Wednesday, September 5, 2012

Archimedes the social engineer

"Give me a lever long enough, and a place to rest it, and I can move the world." -Archimedes, c. 215 BC

If you've been tracking my most recent trajectory in these blog posts, the following will come as no surprise to you.  If you have not, I suggest you go back at least to the post titled "Review" and possibly back to "Jesus was not a rationalistic humanist" and catch up.  What follows is a lengthy argument that takes on much of what is happening in our current society.  My argument comes to a point later in this post when I discuss the Marriage Amendment that will be on Minnesota's ballot this fall.  That is not my ultimate goal, however; my ultimate goal in this post (and largely in this blog) is to make a cogent argument for a view of the Bible not as an ancient resource book, but rather as the authority that dictates the nature of reality to those who would follow Jesus.

It's not that our culture has surrendered the truth.  That would imply a struggle, a desire to maintain truth.  No, our society has not fought for the truth.  Instead we have chased whatever shiny objects flutter past our vision.  As a society we have a bad case of attention deficit disorder.  We are fascinated by whatever is new, whatever is trendy.  We would like to think that we are people of integrity, that our values don't change, but integrity and constancy don't get much press.  It's hard to post about integrity on Facebook and get people fired up.

So instead our public conversation tends toward those things that are novel and a little bit controversial. Not a lot controversial, but just a little bit.  This is important.

If our public statements fly in the face of the commonly shared assumptions of society -- what George Orwell in the book 1984 called "groupthink" -- we are perceived as outcasts, pariahs, or idiots.  So instead we take a position just a little outside the groupthink and we stand up boldly, as if we were revolutionaries or rebels for a really good cause.  People who are on the other fringe of the groupthink dislike what we say, and there's a little flash and a little controversy, but other "revolutionaries" come to our defense and so the momentum builds.

The idea is simple.  If you're going to move a heavy object -- like, say, a society -- you don't try to move it a long ways all at once.  Instead you place a fulcrum close by the heavy object, get a long lever, and move the society just a little bit.  What you need are the following:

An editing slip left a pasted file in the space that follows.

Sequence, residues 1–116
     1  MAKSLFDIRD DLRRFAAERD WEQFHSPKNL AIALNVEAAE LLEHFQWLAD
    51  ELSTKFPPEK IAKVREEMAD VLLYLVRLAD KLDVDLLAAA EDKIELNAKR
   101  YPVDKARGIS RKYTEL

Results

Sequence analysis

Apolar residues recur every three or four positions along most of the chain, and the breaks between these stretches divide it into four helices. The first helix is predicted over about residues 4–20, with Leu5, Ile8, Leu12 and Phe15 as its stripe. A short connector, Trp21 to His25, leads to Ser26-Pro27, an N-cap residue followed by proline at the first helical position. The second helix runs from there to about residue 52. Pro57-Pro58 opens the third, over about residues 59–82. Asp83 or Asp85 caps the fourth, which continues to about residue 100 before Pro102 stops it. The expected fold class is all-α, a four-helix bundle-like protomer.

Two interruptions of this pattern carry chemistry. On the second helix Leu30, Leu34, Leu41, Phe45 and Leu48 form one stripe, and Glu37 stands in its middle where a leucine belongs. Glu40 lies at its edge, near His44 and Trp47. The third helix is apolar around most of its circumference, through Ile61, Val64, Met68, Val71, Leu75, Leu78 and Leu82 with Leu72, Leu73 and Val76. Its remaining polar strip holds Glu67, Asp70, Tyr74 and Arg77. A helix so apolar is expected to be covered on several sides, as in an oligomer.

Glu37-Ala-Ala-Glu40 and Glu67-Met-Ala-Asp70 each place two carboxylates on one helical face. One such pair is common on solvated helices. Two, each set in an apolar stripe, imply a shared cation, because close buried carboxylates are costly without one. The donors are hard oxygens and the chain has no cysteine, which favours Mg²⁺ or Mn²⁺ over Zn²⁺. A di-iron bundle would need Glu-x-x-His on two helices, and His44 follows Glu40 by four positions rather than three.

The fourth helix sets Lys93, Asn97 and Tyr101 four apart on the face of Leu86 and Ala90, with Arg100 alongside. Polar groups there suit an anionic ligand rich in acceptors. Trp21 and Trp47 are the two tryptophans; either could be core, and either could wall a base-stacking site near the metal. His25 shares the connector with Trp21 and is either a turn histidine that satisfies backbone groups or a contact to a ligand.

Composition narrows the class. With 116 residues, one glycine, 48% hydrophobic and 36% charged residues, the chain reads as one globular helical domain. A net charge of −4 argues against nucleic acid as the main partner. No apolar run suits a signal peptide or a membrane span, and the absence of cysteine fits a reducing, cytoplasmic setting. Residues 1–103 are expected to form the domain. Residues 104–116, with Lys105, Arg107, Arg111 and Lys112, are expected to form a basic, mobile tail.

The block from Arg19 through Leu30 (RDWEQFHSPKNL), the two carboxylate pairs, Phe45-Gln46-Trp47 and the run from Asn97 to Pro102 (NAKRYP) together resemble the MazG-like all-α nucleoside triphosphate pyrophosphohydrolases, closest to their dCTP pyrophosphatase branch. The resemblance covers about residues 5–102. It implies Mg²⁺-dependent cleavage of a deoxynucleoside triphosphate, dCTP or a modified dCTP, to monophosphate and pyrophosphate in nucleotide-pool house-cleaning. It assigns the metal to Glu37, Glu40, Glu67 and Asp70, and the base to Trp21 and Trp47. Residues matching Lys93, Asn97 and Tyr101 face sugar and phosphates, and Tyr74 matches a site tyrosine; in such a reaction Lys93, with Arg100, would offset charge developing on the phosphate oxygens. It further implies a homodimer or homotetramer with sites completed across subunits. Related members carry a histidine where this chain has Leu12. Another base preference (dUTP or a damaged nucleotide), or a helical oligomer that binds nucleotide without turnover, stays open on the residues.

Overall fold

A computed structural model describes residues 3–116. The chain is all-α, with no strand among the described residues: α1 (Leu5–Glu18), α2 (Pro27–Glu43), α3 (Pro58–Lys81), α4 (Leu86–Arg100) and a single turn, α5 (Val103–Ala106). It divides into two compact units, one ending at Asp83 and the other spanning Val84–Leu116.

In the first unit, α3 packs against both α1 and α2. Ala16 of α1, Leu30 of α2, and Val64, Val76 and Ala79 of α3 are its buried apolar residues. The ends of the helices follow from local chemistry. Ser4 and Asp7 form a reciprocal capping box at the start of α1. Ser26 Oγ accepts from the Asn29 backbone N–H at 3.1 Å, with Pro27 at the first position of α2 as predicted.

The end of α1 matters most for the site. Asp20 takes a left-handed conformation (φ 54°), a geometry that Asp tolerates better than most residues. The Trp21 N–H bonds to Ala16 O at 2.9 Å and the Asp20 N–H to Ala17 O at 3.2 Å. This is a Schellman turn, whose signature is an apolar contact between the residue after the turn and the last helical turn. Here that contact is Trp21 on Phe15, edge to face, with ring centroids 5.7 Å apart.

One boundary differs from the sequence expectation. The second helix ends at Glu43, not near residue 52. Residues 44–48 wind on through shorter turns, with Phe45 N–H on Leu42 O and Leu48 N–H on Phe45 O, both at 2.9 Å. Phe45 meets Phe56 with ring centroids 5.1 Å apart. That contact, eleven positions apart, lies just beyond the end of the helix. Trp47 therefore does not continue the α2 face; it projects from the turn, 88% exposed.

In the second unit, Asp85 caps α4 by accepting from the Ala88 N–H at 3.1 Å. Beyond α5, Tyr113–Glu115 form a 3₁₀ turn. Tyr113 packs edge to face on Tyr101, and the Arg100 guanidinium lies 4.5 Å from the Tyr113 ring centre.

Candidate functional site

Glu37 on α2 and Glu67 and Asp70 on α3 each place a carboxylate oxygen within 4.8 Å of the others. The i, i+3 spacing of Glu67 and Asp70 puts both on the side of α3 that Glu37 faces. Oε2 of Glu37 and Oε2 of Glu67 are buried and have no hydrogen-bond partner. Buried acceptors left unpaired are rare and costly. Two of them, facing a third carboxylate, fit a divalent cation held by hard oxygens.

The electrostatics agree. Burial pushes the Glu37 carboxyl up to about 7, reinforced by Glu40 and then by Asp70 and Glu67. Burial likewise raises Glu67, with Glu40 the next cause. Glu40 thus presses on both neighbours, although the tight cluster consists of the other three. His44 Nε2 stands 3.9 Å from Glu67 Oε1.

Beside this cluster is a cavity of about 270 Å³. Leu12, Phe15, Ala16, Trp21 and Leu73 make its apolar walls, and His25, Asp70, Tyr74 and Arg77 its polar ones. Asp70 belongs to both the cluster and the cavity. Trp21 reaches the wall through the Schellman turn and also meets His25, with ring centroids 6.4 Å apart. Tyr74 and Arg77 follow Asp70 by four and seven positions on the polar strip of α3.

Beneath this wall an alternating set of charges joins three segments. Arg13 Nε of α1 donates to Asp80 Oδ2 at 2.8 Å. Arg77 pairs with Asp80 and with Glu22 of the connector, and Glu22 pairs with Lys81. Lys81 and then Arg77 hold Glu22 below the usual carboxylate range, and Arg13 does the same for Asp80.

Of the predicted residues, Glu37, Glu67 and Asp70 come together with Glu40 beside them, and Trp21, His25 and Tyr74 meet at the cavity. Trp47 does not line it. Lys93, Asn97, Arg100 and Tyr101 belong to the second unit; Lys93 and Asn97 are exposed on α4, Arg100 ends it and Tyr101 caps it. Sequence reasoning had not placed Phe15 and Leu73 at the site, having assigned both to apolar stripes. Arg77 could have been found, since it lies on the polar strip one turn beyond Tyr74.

• A mover, that is, someone to move the long end of the lever -- in other words, a group of people committed to ideals far outside the targeted society, willing to work for repeated small changes in a single direction.  Currently this is the goal, for example, of most of Ron Paul's supporters in the presidential campaign.  They know their goals are far outside the current thinking, but they are dedicated and willing to try to shift the groupthink a little bit at a time.
  • A lever -- usually involving communication tools that can shape public opinion.  In past decades, the press was a pretty good lever, though it was slow.  The advent of television-for-entertainment speeded things up a bit because a new idea could be both edgy and entertaining if you handled it right.  The internet opened up all kinds of levers.  Right now social media is an amazing lever, and fast.
  • A fulcrum.  This is the key.  You need a solid place, however temporary, to rest your lever.  A fulcrum is an issue or a position just outside the groupthink of the targeted society.  Fulcrums are not important in and of themselves -- in fact, they're really throwaways.  But you need them to give the lever a place to rest so it can shift society.  You'll need a bunch of successive fulcrums -- a bunch of successive places to rest your lever, each one a little farther from the place society was resting originally.  In the moment, the fulcrum masquerades as the real goal.  But in the big picture, the cause of the moment is a fleeting thing.
  • An object to be moved -- in this case, a society with no firm commitments to an unbending truth.  If society is anchored by habits, perceptions, and preferences, all you need to do is change people's habits, perceptions, and preferences.  In a rationalist, humanist society, that's not hard.  Just change people's perceptions of what makes sense, and then change their perceptions of what is good for humanity.  This is the state of our society.  By and large, we have few unbending truths; instead, we have a morass of habits, perceptions, and preferences that have shifted enormously in the last few decades.
Now, this tactic of social engineering works in ways I like and in ways that trouble me.  So, for example, people stand up to oppose sex trafficking, and I applaud that.  People post about the need for justice, the need to stop child prostitution, the need to deliver slaves from bondage (which exists today in the world more than it ever has, sadly).  And I applaud.  But there are also causes that trouble me.